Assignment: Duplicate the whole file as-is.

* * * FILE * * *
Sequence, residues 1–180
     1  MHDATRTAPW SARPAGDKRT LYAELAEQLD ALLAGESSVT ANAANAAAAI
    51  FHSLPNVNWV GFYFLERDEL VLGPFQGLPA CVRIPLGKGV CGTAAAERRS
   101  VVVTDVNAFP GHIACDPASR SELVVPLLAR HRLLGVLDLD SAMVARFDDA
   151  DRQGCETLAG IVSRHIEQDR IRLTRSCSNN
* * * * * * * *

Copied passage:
Sequence, residues 1–180
     1  MHDATRTAPW SARPAGDKRT LYAELAEQLD ALLAGESSVT ANAANAAAAI
    51  FHSLPNVNWV GFYFLERDEL VLGPFQGLPA CVRIPLGKGV CGTAAAERRS
   101  VVVTDVNAFP GHIACDPASR SELVVPLLAR HRLLGVLDLD SAMVARFDDA
   151  DRQGCETLAG IVSRHIEQDR IRLTRSCSNN